So I was reading the proof on the shortest distance between two points being a line (https://en.wikipedia.org/wiki/Calculus_of_variations#Example) but one line of the proof is baffling me. The statement is as follows:

"$\frac{\partial L}{\partial f} -\frac{d}{dx} \frac{\partial L}{\partial f'}=0$ with L = $\sqrt{1 + [ f'(x) ]^2}$.
Since f does not appear explicitly in L, we have $\frac{∂ L}{∂ f}=0$"

I don't see how this statement follows, as, in my mind, $f'$ could very well still depend on $f$. For example, if we take $f=x^2$ we get $L=\sqrt{1+4x^2}=\sqrt{1+4f}$, a function that is clearly dependent on $f$. If someone could point out the flaw in my logic/explain why this must always be the case it would be much appreciated!

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    $\begingroup$ This is the most confused notation that is used in this subject. You have to ask yourself what is $\frac{\partial L}{\partial f}$. $\endgroup$
    – user99914
    Oct 2, 2015 at 3:09

2 Answers 2


In this case $L \colon \mathbb{R} \times \mathbb{R} \times\mathbb{R} \to \mathbb{R}$ is defined via $L(x,f,g) = \sqrt{1 + g^2}$.

When writing $\frac{\partial L}{\partial f}$ the author is referring to the derivative of $L$ with respect to its second variable, which in this case is $0$ since $f$ does not appear in the expression for $L$. (To put it in a different way, $L$ is constant with respect to the variable $f$)

To expand a little bit more on the notation, $L = \sqrt{1 + f'(x)}$ actually means $$L(x,f(x),f'(x)) = \sqrt{1 + f'(x)}.$$

  • $\begingroup$ But shouldn't $f$ and $g$ be independent to do this? aren't $f(x)$ and $f'(x)$ dependent on each other? $\endgroup$
    – Courage
    Oct 2, 2015 at 3:26
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    $\begingroup$ @Vishwaas: consider $f(x,y,z) = xz$. What is $\partial_y f(x,y,z)?$ Does this value change if you evaluate $\partial_y f$ at $(x,x^2,x^3)$? $\endgroup$
    – Giovanni
    Oct 2, 2015 at 3:35
  • $\begingroup$ @Vishwaas Yes, they should be independent, and that's exactly what is achieved in the first line of Giovanni's answer. $L$ is to be considered as a function of three independent variables ($x,f,g$ in Giovanni's notation) in order to compute the partial derivatives in the Euler-Lagrange equation. Only afterward do you evaluate these partial derivatives by substituting $f'$ for $g$. $\endgroup$ Oct 2, 2015 at 9:58
  • $\begingroup$ @Andrea Blass, okay, but can we consider $f$ and $f' $ always as independent? Or is it so when we take partial derivatives.? there is certainly a relation between them. Wont the chain rule apply when differentiating? $\endgroup$
    – Courage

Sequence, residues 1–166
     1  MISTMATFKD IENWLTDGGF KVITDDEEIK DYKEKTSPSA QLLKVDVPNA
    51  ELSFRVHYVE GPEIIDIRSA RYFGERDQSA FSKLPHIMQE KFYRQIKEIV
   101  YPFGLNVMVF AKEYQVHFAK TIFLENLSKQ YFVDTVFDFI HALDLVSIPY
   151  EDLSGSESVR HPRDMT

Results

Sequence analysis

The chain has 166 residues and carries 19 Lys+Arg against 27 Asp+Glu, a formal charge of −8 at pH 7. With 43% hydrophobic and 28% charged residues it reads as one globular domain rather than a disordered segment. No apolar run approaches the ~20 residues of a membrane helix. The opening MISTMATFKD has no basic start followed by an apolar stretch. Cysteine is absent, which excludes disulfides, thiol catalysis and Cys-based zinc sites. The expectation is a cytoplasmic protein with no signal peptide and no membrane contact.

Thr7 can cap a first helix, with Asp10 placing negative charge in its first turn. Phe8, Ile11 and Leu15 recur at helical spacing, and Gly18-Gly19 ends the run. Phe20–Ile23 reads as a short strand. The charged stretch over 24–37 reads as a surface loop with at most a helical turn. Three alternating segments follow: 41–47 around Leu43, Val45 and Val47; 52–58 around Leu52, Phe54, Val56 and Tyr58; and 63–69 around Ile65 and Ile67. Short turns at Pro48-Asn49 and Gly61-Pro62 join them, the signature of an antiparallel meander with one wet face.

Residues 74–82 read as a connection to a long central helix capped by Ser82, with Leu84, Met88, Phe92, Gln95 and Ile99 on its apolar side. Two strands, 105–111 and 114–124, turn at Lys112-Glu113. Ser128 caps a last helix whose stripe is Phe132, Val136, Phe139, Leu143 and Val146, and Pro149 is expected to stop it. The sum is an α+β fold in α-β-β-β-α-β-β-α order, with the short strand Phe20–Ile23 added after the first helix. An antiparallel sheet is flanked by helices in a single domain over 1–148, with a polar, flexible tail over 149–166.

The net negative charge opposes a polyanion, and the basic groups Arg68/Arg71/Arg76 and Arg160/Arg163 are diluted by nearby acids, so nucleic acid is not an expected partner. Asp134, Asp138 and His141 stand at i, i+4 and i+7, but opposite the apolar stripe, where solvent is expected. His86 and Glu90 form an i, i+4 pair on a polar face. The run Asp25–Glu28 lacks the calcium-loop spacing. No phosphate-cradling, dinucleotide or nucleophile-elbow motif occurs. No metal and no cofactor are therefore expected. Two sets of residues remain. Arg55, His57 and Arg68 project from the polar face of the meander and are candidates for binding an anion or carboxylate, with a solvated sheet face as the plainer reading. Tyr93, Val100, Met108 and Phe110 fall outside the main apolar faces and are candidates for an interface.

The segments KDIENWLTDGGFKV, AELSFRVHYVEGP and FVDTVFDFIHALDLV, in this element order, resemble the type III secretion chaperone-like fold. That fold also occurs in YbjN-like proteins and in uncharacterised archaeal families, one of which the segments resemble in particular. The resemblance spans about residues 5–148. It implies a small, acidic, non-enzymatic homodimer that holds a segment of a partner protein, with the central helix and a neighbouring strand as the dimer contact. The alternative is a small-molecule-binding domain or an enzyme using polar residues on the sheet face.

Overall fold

Oct 2, 2015 at 10:07
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    $\begingroup$ @Vishwaas The issue is not whether they are "really" independent or not; rather, the issue is the meaning of the partial derivatives in the Euler-Lagrange equation. Those partial derivatives are to be understood as treating the three variables ($x,f,g$) as independent, regardless of any dependencies that will arise when you later replace $g$ by $f'$. (This is exactly like what Giovanni wrote in his comment above: There $\partial_y$ means to treat $x,y,z$ as independent, regardless of any dependencies that arise when you evaluate at $x,x^2,x^3$.) $\endgroup$ Oct 2, 2015 at 11:23

I think in order to fully clarify what is going on it is better if we solve this problem from scratch; then it will become clear what is happening. Suppose $y_0(t)$ is the stationary path (the path minimizing $J[y]$) for $$J[y] = \int_{t_1}^{t_0}dt \sqrt{1+(\dot{y})^2}:= \int_{t_1}^{t_0}dt L(t,y,\dot{y}) $$ and $y(t) = y_0(t) +\epsilon\eta(t)$ is a variation such that $\eta(t_0)=\eta(t_1) = 0$. Then assuming $\epsilon$ is small $$ \sqrt{1+(\dot{y})^2} = \sqrt{1+(\dot{y}_0)^2 + 2\epsilon \dot{\eta}\dot{y}_0}= \sqrt{1+(\dot{y}_0)^2}\left(1+\frac{\epsilon \dot{\eta}\dot{y}_0}{1+(\dot{y}_0)^2}\right) $$ Therefore $$\delta J=J[y] - J[y_0] = \epsilon \int_{t_0}^{t_1} dt \frac{\dot{y}_0}{\sqrt{1+\dot{y}_0^2}}\dot{\eta}=-\epsilon \int_{t_0}^{t_1} dt \frac{d}{dt}\left[\frac{\dot{y}_0}{\sqrt{1+\dot{y}_0^2}}\right]\eta $$ The last part is by integration by parts. Now the action ($J[y]$) is stationary if $\delta J = 0$ for any variation $\eta$. This means $$\frac{d}{dt}\left[\frac{\dot{y}_0}{\sqrt{1+\dot{y}_0^2}}\right]=0$$ which as it turns out is actually $\frac{d}{dt}(\partial L/\partial \dot{y})=0$ (The Euler-Lagrange equation with $\partial L/\partial y=0$). If you go back to the proof of Euler-Lagrange equation you will see that at no point we care about how $y$ does actually depend on $t$. That is actually the whole point since we want to explore over all possible paths and find the extremum. In that sense you have to treat $y$ and $\dot{y}$ as independent variables since we actually do not know anything about their functionality and we we don't even want to know.

In other words, in treating the paths as the variables $\dot{y}=\dot{y}_0+\epsilon \dot{\eta}$, while $y=y_0 + \epsilon \eta$. Even though it is quite possible that $y_0$ and $\dot{y}_0$ are related to each other, since $\eta$ is completely arbitrary, $y$ and $\dot{y}$ are independent.

  • $\begingroup$ Thank you for the insightful comment! Though I am a bit confused on your intermediate steps in the second line of equations. For the first equality, should you not have a (ϵη)^2 term? I hypothesize you used the smallness of ϵ to get around this but I'm not certain; and I'm guessing you also did something like that to get the second equality but that one I don't see at all $\endgroup$
    – Sam Spiro
    Oct 3, 2015 at 14:08
  • $\begingroup$ Yes I'm assuming $\epsilon$ is small. $\endgroup$
    – Hamed
    Oct 4, 2015 at 1:15

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